The last thing that parents want after they pass away is for their children to fight about the will or estate plan. These conflicts can drive siblings apart or even compromise the family estate.
Parents will always worry about the family after they are gone, but they may not anticipate the serious divide that grief can cause. So what can parents do to help their families handle the estate plan?
Involve the family in the planning
To reduce potential conflict among siblings, parents have options. To encourage transparency and communication, parents can follow the below three-step process:
- Secure an experienced attorney: The best estate attorneys come with references. Choose a lawyer familiar with Texas estate planning laws, probate and drafting wills.
- Draw up a financial overview: This supplemental document can help an estate executor fulfill final wishes and distribute the property as designed. This document also informs family members of the contents of the estate and an asset’s location. These documents will contain a comprehensive list of all assets, contact information for the insurance and financial professionals knowledgeable about the estate, login information for relevant accounts, and a letter addressing all nonfinancial assets like family heirlooms.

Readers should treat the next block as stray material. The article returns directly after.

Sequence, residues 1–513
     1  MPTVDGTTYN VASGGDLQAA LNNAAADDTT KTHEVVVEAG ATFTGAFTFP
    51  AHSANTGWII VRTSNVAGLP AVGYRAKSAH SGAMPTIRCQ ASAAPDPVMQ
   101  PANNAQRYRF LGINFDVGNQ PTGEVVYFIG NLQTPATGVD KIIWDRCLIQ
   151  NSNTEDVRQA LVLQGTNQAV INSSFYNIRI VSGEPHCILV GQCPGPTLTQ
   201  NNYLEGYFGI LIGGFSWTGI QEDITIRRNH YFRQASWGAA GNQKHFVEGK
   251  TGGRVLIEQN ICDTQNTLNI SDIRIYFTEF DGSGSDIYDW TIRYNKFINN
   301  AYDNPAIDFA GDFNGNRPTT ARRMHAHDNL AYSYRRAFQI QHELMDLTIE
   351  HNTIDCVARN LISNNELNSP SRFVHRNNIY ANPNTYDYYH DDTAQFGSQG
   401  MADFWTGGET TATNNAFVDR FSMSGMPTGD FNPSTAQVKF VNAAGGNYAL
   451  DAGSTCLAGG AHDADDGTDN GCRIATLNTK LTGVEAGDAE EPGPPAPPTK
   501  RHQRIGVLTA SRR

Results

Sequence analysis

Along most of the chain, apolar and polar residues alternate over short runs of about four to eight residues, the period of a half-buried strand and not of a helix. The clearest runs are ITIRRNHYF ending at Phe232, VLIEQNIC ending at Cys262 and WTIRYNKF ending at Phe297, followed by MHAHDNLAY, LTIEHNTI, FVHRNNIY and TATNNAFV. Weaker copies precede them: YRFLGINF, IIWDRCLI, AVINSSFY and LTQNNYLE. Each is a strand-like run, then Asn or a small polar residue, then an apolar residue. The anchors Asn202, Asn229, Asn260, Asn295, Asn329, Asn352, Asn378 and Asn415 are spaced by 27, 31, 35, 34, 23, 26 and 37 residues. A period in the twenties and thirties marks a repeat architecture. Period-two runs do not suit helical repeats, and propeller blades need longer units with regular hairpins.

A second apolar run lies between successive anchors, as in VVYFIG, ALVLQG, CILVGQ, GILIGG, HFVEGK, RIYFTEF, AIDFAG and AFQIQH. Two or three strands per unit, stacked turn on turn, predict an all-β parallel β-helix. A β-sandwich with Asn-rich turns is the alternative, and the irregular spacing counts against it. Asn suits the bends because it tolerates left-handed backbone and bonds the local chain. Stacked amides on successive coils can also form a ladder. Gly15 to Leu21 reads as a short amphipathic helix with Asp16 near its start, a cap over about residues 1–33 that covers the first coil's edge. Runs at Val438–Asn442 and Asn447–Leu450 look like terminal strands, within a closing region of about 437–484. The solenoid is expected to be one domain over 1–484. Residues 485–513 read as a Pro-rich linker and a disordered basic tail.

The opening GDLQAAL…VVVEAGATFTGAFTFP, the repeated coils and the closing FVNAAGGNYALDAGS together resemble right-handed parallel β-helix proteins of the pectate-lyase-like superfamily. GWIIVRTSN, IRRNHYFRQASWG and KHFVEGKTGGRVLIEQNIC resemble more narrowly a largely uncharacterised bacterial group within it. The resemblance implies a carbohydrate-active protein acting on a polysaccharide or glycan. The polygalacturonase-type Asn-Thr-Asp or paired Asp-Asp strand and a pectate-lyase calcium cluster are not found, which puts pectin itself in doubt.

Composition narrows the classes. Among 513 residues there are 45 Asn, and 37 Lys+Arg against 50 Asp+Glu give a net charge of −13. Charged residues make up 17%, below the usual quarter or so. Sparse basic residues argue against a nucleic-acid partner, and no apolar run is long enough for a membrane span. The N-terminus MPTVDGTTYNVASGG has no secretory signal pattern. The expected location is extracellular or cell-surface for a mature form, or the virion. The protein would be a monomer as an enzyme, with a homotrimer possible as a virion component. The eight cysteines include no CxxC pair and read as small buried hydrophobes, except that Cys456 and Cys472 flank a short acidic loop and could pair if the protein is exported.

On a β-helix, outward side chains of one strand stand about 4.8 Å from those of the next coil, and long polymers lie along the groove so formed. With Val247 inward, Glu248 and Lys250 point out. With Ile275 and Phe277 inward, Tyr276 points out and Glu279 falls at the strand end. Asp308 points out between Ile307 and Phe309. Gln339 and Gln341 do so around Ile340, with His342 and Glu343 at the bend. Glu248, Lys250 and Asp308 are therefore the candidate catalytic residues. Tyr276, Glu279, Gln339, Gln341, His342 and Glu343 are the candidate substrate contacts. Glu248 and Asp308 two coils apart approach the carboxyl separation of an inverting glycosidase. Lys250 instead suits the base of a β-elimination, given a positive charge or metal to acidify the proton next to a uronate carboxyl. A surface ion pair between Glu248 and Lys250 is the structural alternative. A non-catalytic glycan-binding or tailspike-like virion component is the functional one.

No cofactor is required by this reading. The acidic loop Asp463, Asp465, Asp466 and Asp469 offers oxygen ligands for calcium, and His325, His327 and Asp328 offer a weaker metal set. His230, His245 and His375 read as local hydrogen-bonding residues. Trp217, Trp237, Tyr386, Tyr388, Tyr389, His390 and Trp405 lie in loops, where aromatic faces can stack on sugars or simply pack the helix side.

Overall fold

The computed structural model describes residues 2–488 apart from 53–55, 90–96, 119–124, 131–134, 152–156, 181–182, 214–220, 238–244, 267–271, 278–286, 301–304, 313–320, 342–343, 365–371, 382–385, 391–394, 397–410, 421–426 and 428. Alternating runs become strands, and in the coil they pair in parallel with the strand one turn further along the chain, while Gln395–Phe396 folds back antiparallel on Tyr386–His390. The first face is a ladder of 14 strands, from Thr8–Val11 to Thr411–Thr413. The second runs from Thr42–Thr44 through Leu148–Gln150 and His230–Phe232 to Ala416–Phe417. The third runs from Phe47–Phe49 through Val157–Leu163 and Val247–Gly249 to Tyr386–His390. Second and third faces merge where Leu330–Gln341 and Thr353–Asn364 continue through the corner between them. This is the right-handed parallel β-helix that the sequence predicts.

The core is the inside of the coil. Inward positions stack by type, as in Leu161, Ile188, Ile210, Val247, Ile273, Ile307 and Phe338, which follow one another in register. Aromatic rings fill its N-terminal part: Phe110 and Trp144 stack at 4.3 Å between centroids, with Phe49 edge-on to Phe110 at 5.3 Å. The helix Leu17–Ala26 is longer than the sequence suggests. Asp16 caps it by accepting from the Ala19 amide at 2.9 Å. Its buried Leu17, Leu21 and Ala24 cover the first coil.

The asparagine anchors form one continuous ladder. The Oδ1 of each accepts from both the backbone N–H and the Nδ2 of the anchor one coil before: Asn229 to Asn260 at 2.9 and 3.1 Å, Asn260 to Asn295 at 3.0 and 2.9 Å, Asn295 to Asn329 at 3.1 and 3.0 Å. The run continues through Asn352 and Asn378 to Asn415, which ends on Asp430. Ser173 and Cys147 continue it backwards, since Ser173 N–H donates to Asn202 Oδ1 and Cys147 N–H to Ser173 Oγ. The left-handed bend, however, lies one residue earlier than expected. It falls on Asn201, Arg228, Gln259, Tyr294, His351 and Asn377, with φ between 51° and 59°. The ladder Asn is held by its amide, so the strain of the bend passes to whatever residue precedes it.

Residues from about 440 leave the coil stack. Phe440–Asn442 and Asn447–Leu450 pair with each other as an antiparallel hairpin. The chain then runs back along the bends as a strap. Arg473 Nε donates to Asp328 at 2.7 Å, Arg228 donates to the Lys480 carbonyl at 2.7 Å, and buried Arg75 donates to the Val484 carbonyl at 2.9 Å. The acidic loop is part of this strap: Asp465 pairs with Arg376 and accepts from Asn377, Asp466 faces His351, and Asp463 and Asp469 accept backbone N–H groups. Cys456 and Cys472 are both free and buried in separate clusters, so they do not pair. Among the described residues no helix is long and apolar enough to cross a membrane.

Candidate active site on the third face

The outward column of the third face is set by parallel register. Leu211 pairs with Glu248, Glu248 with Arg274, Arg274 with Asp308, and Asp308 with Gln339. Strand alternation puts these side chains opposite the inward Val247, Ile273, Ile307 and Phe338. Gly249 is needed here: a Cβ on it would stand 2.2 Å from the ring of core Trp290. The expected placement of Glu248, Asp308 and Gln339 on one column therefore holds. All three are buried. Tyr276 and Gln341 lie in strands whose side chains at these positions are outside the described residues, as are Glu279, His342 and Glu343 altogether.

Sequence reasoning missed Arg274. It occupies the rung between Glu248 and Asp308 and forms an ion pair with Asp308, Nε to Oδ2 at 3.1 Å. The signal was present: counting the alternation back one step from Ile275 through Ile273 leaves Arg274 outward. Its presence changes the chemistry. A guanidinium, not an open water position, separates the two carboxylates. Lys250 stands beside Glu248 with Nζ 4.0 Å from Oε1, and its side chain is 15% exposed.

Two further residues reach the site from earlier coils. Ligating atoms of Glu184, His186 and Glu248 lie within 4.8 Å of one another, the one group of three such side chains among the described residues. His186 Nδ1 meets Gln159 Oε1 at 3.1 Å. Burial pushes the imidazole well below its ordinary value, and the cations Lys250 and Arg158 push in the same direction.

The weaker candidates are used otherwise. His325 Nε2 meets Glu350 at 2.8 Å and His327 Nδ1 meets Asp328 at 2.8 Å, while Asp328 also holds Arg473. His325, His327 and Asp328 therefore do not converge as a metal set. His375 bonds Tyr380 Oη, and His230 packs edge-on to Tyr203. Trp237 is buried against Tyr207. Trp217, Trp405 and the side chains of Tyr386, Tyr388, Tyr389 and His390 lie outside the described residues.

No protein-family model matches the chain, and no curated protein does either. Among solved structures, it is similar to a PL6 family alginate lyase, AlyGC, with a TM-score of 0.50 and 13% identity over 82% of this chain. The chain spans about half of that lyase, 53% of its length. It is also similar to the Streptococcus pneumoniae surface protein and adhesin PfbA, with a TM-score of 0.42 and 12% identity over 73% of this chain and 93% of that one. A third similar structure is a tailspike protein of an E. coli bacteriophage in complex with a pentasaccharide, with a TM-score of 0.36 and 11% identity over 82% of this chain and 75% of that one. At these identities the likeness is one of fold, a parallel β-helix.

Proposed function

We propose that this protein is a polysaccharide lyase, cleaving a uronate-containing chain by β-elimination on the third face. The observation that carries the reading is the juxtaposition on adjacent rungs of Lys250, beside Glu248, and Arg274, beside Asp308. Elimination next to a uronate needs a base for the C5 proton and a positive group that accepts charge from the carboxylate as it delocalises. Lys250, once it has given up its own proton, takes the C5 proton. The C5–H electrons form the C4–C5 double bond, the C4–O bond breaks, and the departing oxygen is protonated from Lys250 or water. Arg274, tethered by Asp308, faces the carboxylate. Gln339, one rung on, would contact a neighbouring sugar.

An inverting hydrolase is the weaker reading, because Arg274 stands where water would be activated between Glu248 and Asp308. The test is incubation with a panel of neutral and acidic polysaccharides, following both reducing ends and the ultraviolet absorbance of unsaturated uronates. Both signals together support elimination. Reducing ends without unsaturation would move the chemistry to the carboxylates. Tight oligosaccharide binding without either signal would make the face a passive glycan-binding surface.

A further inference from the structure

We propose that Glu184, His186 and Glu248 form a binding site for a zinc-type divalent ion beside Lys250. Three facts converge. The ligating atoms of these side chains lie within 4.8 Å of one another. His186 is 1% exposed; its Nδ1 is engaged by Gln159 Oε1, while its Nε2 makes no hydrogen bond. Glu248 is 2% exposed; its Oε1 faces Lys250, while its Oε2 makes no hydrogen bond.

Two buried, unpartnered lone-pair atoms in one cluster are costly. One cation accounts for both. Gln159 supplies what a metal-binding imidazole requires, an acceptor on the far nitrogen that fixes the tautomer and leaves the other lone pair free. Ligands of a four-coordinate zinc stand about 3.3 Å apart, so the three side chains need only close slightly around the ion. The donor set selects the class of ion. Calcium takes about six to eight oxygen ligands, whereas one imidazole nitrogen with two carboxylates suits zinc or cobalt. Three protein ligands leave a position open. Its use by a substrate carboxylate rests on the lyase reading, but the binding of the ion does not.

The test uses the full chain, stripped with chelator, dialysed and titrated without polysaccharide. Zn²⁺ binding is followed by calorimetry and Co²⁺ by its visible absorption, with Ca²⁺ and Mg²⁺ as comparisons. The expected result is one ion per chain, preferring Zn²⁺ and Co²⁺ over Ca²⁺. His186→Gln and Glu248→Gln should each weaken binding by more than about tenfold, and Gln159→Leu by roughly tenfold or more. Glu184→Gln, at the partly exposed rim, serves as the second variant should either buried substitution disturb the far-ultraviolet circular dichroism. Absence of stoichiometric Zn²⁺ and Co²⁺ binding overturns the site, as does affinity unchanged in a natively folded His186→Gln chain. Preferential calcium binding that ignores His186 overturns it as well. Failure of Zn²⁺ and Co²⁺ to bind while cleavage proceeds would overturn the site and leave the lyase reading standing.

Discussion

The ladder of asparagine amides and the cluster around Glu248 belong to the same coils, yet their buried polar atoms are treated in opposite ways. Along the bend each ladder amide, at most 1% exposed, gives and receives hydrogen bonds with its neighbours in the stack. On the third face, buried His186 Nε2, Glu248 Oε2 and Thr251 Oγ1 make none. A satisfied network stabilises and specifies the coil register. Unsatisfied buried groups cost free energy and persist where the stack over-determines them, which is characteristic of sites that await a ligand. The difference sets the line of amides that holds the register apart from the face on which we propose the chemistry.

- Hold a family meeting: After the first two steps, parents can hold a family meeting to talk to their children. This meeting can cover several topics to prepare a family for the legal process of death. Parents can use this meeting to outline the intent of their estate plan, identify the location of important estate documents, introduce the executor, and discuss family heirlooms. Children can ask questions, voice their concerns and perhaps offer suggestions for changes or additions.
Consult with an attorney for more information
Parents worried about how their siblings will handle the estate after their death can reach out to a local lawyer familiar with Texas estate planning laws. An attorney can help draft comprehensive legal documents, work with the probate courts and even serve as an executor.